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Glatfelter



Published September 1, 2011
Related Searches: Wipes food pads Glatfelter Adult Incontinence
York, PA
www.glatfelter.com
2011 Nonwovens Sales: $538 million

Key Personnel: Dante Parrini, chairman and CEO; John Jacunski, senior vice president and CFO; Christopher Astley, vice president, corporate strategy; Jonathan Bourget, vice president and general manager, Advanced Airlaid Materials; Martin Rapp, vice president and general manager, Composite Fibres

Plants: Canada, Germany, France, U.K., Philippines

Processes: Airlaid, wetlaid

With the integration of Concert Industries completed, Glatfelter has seen strong growth, despite a turbulent economic environment, thanks in part to increased volumes in the feminine hygiene market, which is the company’s core business.

As some other airlaid companies have faltered, closing plants or teetering on the brink of bankruptcy, Glatfelter has seen volumes increase 18% from 2009-2010 and 7.5% from 2010-2011. Profitability has almost doubled from 2010 to 2011, and results in the first half of 2012 are again 55% higher than those in the first half of 2011.

Jonathan Bourget, vice president and general manager, Advanced Airlaid Materials, notes that the company mostly operates in the mature markets of North America and Europe, which have only been growing about 2%. “We’ve been very fortunate to be able to grow faster than the market within a weak economic environment. This is testimony to the trust our customers have put into us.”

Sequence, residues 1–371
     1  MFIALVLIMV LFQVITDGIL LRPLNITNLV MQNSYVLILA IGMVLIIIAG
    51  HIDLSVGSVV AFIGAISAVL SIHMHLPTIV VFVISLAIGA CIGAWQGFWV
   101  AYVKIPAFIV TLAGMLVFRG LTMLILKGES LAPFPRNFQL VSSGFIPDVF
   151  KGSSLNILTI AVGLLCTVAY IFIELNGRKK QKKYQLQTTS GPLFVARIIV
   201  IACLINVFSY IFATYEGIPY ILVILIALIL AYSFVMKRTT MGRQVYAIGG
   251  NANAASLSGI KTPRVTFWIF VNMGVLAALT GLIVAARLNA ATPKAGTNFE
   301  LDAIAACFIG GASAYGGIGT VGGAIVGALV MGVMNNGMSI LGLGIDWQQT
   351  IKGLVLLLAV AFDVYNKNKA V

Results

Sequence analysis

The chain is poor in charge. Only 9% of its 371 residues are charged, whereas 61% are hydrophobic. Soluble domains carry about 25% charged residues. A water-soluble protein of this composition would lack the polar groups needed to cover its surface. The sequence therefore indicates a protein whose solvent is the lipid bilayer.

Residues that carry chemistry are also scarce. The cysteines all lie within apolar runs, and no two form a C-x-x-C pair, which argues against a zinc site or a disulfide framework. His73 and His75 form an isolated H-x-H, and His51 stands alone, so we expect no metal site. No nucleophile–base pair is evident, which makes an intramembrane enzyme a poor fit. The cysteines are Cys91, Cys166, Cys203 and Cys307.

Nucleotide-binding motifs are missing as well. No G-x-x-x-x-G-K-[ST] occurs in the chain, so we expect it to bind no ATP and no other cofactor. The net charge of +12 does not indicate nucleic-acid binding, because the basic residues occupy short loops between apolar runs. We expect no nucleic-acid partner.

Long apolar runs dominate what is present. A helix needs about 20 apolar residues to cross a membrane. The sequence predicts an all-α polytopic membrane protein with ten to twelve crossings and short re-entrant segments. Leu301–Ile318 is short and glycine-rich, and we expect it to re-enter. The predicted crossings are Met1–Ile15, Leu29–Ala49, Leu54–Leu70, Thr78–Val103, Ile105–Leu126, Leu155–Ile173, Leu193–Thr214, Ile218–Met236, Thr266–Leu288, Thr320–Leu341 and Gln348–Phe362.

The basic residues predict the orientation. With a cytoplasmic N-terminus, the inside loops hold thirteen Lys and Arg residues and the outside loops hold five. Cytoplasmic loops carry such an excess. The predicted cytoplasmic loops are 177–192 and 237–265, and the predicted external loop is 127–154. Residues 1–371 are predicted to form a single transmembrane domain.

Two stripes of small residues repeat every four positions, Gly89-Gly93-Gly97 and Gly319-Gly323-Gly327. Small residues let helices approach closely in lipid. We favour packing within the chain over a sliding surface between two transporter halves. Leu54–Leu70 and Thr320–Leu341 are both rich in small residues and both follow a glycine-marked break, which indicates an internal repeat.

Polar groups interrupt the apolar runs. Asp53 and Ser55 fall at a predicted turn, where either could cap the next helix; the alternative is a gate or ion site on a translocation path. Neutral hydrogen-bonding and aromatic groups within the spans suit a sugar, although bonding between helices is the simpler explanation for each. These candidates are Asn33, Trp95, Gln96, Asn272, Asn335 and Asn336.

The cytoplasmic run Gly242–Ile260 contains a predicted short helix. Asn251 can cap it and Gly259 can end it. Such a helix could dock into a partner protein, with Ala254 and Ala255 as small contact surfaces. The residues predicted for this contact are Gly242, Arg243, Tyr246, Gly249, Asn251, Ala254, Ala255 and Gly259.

The company reported $252 million in airlaid sales for 2011, about 82% coming from feminine hygiene. “That’s been growing pretty healthfully, thanks to private label growth, particularly in North America,” says Bourget. “Private label in general, including Europe, has some very good traction to it nowadays. I think there is recognition from the private label industry that there’s no better way to imitate the leaders than to use the same raw materials. So they come to us and we try to find solutions for them.”

Like most companies in the nonwovens industry, Glatfelter has an eye on emerging nations, which offer great potential for future consumption. Bourget noted that usage rates of feminine hygiene products in North America and Western Europe are about 170 grams per capita, while just 70 grams per capita in the Asia-Pacific region. “There’s just a massive opportunity for penetration in this market,” he says, adding that some major players in the industry have launched educational campaigns to promote awareness among developing nations.

Meanwhile, Glatfelter has increased its exposure to the wipes market in North America. The company offers an array of basis weights along with a broad manufacturer competency within different segments.

In addition to feminine hygiene and wipes for the personal care industry, other important airlaid markets for Glatfelter include home care, food pads and adult incontinence.

As for the company’s composite fibers business (wetlaid), Glatfelter reported $476 million in sales in 2011. The company has continued to build on its market leading position in single-serve coffee and tea products, growing shipping volumes by 9%. The business segment’s profitability has been increasing significantly (20% over the previous year).

Alongside food and beverage (60% of wetlaid sales), other important markets include metallized (20%), composite laminates (11%) and technical specialties (9%).

Bourget notes that Glatfelter’s goal is to continue growing these two divisions, expanding geographical and market presence over the foreseeable future and capitalizing on the strong relationships that exist with global market makers.